For eight years I was a Canon user for my wildlife photography, and it was a great setup for birds and animals.
I decided to have a change and started researching the best setup for bird photography – one that had a great focus system.
I looked at and tried the Nikon D850 with the Nikon 200-500 which was amazing at tracking birds in flight, but after editing I just could not get used to the colour the of the images.
I then went to an Olympus Micro Four Thirds, and purchased the EM1 Mk2 with the 300 f4 Pro lens. This was better than I expected with a 2x magnification, but it did not have the reach I wanted. I kept the setup for a year and started my research on the Sony Alpha Full Frame series.
After a short amount of research, assisted by Youtube and Flikr, I made my mind up and went for the New Sony A7r4, Sony 100-400 G Master and the Sony 200-600 f5.6-6.3.
My keeper rate went from 60% to 85% after just a few days.
I was returning from my photography outing and was spoilt for choice for which image to keep – I got that many that were in focus out of a burst of 10 frames a second.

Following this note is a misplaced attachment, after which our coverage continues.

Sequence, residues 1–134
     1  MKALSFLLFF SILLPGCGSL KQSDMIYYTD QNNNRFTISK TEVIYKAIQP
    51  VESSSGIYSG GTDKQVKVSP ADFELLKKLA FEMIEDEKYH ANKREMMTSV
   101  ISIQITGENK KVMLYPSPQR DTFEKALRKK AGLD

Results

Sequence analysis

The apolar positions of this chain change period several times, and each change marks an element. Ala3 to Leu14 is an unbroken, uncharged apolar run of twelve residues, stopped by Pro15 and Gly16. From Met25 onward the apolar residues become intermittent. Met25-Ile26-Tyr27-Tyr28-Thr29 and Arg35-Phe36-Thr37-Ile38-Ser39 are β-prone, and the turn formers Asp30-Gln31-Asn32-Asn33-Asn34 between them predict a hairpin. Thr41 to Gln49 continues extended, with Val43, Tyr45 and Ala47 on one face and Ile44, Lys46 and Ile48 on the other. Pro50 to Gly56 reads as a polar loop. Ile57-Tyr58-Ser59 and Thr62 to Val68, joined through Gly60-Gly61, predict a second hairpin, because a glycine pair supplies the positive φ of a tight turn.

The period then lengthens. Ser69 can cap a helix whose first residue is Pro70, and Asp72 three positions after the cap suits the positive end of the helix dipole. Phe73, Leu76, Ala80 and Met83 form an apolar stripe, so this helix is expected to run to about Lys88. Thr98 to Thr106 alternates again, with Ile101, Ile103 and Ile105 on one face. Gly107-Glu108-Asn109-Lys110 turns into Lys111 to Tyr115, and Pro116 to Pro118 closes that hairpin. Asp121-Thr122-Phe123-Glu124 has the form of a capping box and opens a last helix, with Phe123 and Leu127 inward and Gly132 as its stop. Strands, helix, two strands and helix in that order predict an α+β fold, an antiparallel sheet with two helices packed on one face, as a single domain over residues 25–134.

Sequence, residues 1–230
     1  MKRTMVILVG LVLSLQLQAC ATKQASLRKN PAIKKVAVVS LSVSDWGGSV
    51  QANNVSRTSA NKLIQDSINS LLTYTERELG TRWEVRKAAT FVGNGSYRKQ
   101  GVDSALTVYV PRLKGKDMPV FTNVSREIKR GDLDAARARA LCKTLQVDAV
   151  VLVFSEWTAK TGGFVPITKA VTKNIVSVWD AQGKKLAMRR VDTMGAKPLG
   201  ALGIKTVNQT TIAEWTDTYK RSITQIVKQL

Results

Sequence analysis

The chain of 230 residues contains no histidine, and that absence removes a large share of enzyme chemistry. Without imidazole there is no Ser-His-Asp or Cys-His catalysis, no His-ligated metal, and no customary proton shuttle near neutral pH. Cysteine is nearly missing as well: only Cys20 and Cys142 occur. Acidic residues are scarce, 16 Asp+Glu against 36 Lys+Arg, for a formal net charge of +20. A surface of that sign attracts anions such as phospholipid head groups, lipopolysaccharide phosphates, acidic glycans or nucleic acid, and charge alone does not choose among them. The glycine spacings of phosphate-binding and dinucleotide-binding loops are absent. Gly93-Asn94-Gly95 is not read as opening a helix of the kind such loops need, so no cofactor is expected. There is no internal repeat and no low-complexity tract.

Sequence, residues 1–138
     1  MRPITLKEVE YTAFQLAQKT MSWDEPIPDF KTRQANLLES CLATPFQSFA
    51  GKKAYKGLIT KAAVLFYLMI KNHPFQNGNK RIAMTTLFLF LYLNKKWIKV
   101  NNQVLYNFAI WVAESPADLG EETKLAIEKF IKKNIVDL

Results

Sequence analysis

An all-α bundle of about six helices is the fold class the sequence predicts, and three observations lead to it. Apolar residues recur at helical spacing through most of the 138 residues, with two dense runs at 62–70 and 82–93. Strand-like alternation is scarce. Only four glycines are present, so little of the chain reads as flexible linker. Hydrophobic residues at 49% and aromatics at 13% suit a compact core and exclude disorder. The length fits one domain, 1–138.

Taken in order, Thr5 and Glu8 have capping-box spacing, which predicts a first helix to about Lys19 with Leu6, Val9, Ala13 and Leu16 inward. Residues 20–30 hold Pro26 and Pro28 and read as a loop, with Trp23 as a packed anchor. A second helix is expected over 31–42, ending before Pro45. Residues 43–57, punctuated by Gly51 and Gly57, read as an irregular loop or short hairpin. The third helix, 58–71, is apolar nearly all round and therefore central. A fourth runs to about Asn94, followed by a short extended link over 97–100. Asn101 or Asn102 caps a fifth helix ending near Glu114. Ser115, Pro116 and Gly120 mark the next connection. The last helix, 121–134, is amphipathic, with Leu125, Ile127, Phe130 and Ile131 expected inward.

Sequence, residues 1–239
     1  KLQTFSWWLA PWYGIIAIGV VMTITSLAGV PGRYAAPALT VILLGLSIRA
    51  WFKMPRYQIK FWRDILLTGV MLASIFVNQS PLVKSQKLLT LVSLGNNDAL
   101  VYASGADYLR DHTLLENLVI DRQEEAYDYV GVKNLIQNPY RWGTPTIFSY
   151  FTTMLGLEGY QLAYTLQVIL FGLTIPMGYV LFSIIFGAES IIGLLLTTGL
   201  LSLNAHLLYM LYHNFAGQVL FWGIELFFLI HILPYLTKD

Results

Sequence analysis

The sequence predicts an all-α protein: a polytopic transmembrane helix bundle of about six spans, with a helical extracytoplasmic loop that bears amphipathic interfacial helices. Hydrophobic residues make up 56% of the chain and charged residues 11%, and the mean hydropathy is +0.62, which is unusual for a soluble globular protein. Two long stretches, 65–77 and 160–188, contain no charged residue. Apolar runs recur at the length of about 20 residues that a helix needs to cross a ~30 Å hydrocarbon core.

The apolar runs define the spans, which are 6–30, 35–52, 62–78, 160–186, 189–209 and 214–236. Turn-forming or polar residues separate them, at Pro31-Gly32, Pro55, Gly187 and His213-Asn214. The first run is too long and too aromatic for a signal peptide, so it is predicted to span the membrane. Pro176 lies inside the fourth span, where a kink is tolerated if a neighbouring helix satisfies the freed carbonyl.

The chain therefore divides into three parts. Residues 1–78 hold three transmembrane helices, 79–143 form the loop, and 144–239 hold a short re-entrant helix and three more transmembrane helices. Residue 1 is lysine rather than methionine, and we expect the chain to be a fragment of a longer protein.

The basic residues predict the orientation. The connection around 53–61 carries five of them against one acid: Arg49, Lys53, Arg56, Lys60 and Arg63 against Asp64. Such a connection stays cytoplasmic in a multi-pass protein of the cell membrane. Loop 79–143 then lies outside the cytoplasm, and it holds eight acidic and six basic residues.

I made the switch and didn’t look back – I just got really excited whenever I ventured out.
What I quickly found out was that having 60 Megapixels to work with is a massive bonus when editing and cropping. There is a lot of discussion about 60 megapixels being too much and unnecessary, but I can honestly say the camera is amazing at keeping so much detail and the 200-600 lens is as sharp if not sharper than the Canon and Olympus lenses.
Yes, the files are massive and slow to load, but I don’t need to rush any aspect of my photography – why should I when I spend hours waiting for birds and animals to appear.
The focusing system is amazing and tracks birds – it may miss the odd one here and there.
It does buffer but I only do burst of three or four, so it quickly deals with the files – at no time have I been left in a situation where I had to fire off more shots when the files were writing the the card.